New on Shame File Music and mailorder

Shame File Music news

Note: We are continuing to ship orders, although shipping may be delayed at times due to COVID-19 lockdown

New on Shame File Music:

Club Sound Witches "#freakinmeout" CD/digital #freakinmeout consists of Club Sound Witches’ (Matthew Earle & Nicola Morton) transcendent live performance at Melbourne’s Make It Up Club in July 2019, plus a longer studio track (in two parts). The beats are slightly off, you wonder if that bleep is a mistake or genius, vocals waft Circe-like out of subterranean caves backed by water dripping from stalactites. Soundtracks for uncertain times.
Comes in a 4-panel digipak with Matt Earle’s iconic inkblot-esque photocopy art, limited edition of 100 copies. Order CD by 15 April 2020 to get the special price of $12.

New Shame File mail-order titles:

Will Guthrie “Nist-Nah” LP/CD - Nist-Nah finds Guthrie branching out in a new direction, this time in a suite of six percussion pieces primarily using the metallaphones, hand drums and gongs of the Gamelan ensembles of Indonesia. The music presented here is grounded in Guthrie’s travels in Indonesia and study of various forms of Gamelan music, from the stately suspended temporality of the courtly Javanese Gamelan Sekatan, to the delirious, thuggish repetition that accompanies the Javanese trance ritual Jathilan, to the shimmering acoustic glitch of contemporary Balinese composer Dewa Alit and his Gamelan Salukat.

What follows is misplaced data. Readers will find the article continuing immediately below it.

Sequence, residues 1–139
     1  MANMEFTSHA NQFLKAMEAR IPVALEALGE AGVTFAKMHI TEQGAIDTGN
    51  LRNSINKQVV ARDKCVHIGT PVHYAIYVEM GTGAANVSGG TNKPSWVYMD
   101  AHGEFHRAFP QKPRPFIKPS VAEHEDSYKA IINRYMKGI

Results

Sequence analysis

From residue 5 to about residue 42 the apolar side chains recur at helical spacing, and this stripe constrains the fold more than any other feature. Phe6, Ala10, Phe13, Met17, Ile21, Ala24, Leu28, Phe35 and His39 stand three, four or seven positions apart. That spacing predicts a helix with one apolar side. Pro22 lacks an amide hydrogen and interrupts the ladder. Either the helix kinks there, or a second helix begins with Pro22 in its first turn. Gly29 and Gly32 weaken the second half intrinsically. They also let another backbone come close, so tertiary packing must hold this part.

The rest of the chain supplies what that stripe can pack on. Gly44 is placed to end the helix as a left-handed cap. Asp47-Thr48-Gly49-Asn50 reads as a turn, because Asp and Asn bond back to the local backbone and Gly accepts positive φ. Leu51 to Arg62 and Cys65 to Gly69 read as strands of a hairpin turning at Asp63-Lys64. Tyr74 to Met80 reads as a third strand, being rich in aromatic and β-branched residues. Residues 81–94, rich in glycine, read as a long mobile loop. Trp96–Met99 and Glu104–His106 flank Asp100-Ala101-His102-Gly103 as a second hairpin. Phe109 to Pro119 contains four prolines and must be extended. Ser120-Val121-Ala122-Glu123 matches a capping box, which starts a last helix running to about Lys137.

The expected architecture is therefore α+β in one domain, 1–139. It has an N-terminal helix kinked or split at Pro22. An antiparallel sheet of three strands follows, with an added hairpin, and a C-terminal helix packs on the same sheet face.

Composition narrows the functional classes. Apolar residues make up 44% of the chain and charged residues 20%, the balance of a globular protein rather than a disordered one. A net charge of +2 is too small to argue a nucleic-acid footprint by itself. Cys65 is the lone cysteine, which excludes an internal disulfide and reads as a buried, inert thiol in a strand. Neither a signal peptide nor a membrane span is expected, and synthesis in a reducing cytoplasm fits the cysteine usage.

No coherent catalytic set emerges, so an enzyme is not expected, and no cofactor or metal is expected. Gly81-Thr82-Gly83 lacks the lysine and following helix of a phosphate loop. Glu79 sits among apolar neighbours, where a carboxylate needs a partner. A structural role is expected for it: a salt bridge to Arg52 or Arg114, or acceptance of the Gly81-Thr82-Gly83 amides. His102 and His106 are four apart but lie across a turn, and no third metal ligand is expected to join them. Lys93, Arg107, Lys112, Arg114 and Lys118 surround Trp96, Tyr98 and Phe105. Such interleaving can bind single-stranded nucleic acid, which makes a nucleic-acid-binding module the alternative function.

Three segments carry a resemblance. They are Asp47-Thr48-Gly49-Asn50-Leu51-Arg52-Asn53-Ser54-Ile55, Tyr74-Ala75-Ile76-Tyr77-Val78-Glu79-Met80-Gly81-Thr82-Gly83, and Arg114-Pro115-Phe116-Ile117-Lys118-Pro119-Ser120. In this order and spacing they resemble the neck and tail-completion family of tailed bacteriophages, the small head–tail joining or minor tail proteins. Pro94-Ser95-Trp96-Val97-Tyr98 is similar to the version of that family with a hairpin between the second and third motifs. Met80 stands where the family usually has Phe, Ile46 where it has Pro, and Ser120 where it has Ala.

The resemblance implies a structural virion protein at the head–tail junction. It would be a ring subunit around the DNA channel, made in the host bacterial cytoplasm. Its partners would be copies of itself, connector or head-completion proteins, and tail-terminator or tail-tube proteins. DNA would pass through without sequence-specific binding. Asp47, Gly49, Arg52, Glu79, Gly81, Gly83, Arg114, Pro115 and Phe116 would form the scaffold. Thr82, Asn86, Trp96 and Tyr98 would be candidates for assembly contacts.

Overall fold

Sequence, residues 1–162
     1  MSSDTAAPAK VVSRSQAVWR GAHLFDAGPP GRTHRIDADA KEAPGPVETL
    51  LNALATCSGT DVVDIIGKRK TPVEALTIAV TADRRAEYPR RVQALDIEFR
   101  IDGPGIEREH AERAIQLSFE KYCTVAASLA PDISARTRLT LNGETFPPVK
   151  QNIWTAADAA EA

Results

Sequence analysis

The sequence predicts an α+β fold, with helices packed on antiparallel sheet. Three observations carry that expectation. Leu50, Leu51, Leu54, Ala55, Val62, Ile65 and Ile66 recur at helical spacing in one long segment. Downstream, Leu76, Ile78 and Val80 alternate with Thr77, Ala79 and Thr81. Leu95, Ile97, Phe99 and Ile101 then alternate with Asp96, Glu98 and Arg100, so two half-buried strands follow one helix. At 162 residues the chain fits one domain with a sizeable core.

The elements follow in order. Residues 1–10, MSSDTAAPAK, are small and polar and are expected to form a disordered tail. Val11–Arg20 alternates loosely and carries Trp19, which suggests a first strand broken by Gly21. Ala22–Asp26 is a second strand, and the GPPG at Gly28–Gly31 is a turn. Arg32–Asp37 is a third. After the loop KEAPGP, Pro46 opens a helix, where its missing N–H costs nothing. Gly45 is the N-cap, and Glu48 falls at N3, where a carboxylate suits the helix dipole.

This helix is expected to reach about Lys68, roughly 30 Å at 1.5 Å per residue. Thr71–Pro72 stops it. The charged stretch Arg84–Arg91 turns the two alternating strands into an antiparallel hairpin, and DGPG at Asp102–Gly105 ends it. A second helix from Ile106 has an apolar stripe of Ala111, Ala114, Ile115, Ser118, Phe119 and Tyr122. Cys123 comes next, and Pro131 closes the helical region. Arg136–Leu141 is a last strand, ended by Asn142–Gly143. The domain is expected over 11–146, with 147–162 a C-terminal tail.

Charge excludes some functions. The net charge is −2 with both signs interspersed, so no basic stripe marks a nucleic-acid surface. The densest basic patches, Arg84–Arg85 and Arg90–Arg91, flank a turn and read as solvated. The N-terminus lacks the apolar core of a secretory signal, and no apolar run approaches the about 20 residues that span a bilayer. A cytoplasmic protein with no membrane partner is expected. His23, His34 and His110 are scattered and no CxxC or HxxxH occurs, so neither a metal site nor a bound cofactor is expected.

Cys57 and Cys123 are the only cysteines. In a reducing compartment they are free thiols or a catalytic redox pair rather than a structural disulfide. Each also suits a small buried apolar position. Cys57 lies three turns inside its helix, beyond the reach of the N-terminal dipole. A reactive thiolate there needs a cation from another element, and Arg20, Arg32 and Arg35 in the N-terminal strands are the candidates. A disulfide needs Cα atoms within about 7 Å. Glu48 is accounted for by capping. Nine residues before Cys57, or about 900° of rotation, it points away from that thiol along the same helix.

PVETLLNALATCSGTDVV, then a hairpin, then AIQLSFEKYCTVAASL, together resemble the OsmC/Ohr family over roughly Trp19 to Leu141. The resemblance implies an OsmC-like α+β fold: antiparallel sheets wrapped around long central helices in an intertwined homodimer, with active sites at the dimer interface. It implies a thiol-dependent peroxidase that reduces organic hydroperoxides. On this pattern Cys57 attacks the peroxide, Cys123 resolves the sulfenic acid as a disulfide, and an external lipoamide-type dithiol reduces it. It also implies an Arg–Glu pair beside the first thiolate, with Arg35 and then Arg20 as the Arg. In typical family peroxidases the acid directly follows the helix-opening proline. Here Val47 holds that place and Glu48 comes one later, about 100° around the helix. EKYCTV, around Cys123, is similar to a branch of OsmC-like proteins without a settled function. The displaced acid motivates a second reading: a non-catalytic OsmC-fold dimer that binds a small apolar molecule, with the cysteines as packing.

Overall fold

However, far from an exercise in exoticism, Nist-Nah develops out of Guthrie’s extensive work with metal percussion in recent years (as heard, for example, on his 2015 LP for iDEAL, Sacrée Obsession), where gongs, singing bowls and cymbals are used to build up walls of hovering tones and sizzling details. Though Guthrie is broadening his palette to explore Gamelan instrumentation and pay tribute to his love of this sophisticated yet elemental percussion music, the pieces presented here are equally informed by Guthrie’s interests in free jazz, electro-acoustic music and diverse experimental music practices, exploring long tones, extended techniques, and non-metered pulse.